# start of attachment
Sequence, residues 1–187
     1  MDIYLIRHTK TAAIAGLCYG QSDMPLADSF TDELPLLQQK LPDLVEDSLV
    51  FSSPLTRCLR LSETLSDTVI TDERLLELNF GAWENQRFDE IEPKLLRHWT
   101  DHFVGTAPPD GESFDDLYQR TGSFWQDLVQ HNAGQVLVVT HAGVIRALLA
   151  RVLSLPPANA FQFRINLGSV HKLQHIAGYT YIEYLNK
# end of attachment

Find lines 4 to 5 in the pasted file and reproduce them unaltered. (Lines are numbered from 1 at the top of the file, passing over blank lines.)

   101  DHFVGTAPPD GESFDDLYQR TGSFWQDLVQ HNAGQVLVVT HAGVIRALLA
   151  RVLSLPPANA FQFRINLGSV HKLQHIAGYT YIEYLNK